Detroit Rock City

Is Detroit Rock City only for KISS fans? It probably helps to be a card-carrying member of the KISS Army, but even if you’re a disco-loving Stella, the movie’s theme is universal: Four teenage guys on a quest to see the world’s greatest rock group in concert, with apparently everyone between Cleveland and Detroit standing in their way. The movie isn’t a trailblazer; it’s an exuberantly trashy party, a comedy of lowdown defeats and triumphs. It won’t be the influential, well-loved ’70s sketchbook movie that Dazed and Confused was; it’s more of a throwaway pop artifact, though it still pays tribute to the essential single-mindedness of teenagers. The kids in Dazed and Confused wanted to get stoned. The kids in American Pie wanted to get laid. The kids in Detroit Rock City want to see KISS in concert. Everything else is incidental.

Our four heroes, Hawk (Edward Furlong), Trip (James De Bello), Jam (Sam Huntington), and Lex (Giuseppe Andrews), are Cleveland high-schoolers who have their own (pretty awful) KISS tribute band. KISS, as it happens, is coming to Detroit on their ’78 tour, and the guys have tickets — but not for long, after Jam’s devoutly Catholic mom (Lin Shaye, well on her way to becoming the movies’ resident gargoyle woman) torches them. The boys spend the rest of the movie trying and failing to get tickets; it’s as if they couldn’t look at themselves in the mirror unless they see this particular concert at this precise moment in their lives. Indeed, with disco gaining a stranglehold on American pop music, it’s as if the boys’ failure might also spell KISS’s own doom. (In the end, as we know, KISS had the last laugh; the evidence is this movie.)

Detroit Rock City kicks off with a splatter of ’70s imagery under the opening credits, placing KISS in their proper context as a blockbuster band that could only really have happened in the odd transitional phase between Nixon and Reagan. To these ears, KISS’s music is loud and amped-up cheeseball music at its apex (which, I hasten to add, is not necessarily a bad thing); it wouldn’t have gone far, though, without the stage pyrotechnics. KISS redesigned gaudy showmanship for suburban white kids. They learned from their glam-rock forefathers, adding the very American elements of blood and thunder, sex and horror. Someone who’s never seen KISS in action may listen to the music by itself and consider it vigorously-played metal without much personality; KISS’s flamboyant stage act carries on the time-honored show-biz equation of personality as pure style. This is why even KISS fans look back on the band’s brief no-makeup phase in the mid-’80s as a regrettable blip: Without the showmanship, KISS were too much like 27 other hair-metal bands of the period — they’d lost their mojo. (It was really another form of showmanship — “See KISS’s real faces!” — which didn’t work.)

What’s best about Detroit Rock City is that the director, Adam Rifkin, understands that style is personality and directs accordingly. The movie is fast and cartoonish, with enough whiplash zooms and other trickery to let you know nobody is taking this very seriously. At times it’s like Rock ‘n’ Roll High School remade by Robert Rodriguez. When Hawk gets drunk at a strip joint, he pukes so much he fills an entire beer pitcher. When a hulking bully punches Trip (James De Bello, incidentally, gives the movie’s stand-out performance as a very Jay-like stoner), he goes flying backward a few feet and bounces off a wall. When Jam loses his virginity to a shy girl who has a crush on him (Melanie Lynskey, who’s grown into a lovely young woman since Heavenly Creatures), the amorous moment unfolds inside a confessional booth. The poster art for Detroit Rock City looks like a Mad magazine illustration (the drawing style is a tribute to Mort Drucker, Mad‘s best caricaturist), and the movie itself is like a Mad magazine parody of itself. The comic-bookiness of the style, its unapologetic lowbrow raunchiness, probably wouldn’t have worked with any other rock band as its inspiration.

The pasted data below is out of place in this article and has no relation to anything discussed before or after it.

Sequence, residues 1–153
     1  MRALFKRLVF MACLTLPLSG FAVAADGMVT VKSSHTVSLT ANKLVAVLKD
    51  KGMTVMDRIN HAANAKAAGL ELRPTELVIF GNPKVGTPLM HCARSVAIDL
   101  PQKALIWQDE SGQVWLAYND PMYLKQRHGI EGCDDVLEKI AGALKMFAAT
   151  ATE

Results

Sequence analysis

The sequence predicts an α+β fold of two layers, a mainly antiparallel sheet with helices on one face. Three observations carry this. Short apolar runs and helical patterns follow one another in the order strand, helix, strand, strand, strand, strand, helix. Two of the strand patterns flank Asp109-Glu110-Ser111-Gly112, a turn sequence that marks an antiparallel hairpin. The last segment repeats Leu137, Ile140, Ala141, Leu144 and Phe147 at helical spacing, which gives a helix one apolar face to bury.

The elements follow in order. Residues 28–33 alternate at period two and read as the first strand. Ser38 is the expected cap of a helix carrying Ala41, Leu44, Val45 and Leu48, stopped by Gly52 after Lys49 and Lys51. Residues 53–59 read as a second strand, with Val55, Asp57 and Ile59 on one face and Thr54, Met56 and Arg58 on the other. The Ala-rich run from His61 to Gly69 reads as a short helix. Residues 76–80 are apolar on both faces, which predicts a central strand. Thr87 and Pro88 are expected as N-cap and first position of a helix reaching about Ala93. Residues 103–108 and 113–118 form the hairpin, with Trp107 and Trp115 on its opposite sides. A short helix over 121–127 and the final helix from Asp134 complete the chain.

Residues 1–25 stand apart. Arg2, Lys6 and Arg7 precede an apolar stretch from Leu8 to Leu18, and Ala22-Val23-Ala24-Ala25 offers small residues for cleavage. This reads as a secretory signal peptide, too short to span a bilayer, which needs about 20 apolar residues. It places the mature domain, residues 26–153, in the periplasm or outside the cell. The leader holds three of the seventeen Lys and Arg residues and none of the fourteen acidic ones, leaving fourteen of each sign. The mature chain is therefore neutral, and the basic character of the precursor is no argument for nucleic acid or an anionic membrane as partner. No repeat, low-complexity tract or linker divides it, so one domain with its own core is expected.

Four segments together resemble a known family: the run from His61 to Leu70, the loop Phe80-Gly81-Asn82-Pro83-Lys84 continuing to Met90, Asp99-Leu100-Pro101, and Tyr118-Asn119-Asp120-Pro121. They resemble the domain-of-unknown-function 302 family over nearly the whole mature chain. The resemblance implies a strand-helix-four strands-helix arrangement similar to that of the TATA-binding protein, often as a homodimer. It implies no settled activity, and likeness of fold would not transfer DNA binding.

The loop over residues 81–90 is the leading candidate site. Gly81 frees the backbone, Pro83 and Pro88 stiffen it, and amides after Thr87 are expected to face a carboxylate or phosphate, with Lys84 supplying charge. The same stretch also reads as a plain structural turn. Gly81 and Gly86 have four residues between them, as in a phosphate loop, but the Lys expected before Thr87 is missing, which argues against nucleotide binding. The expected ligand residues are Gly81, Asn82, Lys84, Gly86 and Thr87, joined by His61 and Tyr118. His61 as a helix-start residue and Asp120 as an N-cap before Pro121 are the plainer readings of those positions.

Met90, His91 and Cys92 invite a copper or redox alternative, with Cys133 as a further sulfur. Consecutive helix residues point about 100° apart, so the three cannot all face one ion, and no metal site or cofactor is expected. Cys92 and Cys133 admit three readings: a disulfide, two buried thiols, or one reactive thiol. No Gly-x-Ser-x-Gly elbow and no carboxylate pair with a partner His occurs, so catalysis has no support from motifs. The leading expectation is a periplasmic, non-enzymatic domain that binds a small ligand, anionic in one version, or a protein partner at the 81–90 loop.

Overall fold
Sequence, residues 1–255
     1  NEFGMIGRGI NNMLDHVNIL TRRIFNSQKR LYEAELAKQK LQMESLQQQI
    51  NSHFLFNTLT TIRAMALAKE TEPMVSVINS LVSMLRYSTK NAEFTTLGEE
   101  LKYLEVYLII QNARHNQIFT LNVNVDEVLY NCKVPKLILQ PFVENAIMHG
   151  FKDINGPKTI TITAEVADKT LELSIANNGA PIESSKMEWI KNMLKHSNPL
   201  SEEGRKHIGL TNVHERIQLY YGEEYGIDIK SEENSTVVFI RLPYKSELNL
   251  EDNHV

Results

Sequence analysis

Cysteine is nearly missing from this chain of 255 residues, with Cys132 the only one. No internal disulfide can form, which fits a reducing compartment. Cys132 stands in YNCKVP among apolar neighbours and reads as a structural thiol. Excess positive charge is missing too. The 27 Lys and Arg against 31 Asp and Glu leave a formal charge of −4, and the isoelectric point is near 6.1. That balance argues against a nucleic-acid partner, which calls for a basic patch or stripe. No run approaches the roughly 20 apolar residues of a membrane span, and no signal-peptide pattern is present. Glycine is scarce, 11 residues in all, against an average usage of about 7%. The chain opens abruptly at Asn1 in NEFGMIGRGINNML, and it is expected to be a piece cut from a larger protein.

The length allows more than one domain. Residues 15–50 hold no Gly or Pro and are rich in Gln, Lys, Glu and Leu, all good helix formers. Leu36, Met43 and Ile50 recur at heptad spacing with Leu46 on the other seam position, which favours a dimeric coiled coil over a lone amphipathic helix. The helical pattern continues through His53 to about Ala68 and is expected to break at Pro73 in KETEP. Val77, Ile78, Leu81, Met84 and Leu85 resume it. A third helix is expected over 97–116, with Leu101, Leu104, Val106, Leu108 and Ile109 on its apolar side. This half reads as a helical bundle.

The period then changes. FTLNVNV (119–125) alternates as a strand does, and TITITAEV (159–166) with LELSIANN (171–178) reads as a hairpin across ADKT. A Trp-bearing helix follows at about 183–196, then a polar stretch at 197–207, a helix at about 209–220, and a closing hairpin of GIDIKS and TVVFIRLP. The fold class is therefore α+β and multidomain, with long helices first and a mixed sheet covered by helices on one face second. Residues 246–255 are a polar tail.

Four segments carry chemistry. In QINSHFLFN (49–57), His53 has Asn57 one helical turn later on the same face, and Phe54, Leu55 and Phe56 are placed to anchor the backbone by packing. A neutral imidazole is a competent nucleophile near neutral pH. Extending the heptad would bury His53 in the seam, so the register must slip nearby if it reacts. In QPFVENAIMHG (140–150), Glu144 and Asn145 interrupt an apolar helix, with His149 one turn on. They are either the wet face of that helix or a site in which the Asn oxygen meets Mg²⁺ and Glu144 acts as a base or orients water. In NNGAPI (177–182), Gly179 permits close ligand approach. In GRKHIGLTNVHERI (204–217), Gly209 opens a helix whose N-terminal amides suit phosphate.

At the concert, the guys split up to find or scam tickets, and each of them has embarrassments and victories. Though there’s plenty of crude, rude behavior (sample dialogue: “I never heard a chick blow ass before”), this is essentially a decent-hearted movie; screenwriter Carl V. Dupré makes sure that the guys don’t go too far in their pursuit of KISS, as when Trip has an Animal House-like crisis of conscience in a convenience store, with the floating heads of his three buddies nagging him to do the right thing. Along the way, there are plenty of period details for the attentive, mostly having to do with ’70s junk culture (Hustler, the Farrah poster, comic books, etc.). And the movie doesn’t strong-arm you; it moves at a genial pace and never pretends to be more important than it is. Even the climactic moment, when we finally get to see KISS, is more about the audience excitement than about KISS.

Considering that Gene Simmons was one of the producers, Detroit Rock City could have been a bloodless valentine to KISS fans. But Simmons, a shrewd man, knows his audience has no use for valentines. So the movie he co-produced is just about four schlubby kids from Anywhere, USA, raising hell and getting laid. That’s the meaning of all rock; KISS made it larger than life, but Detroit Rock City scales it back down to human size.

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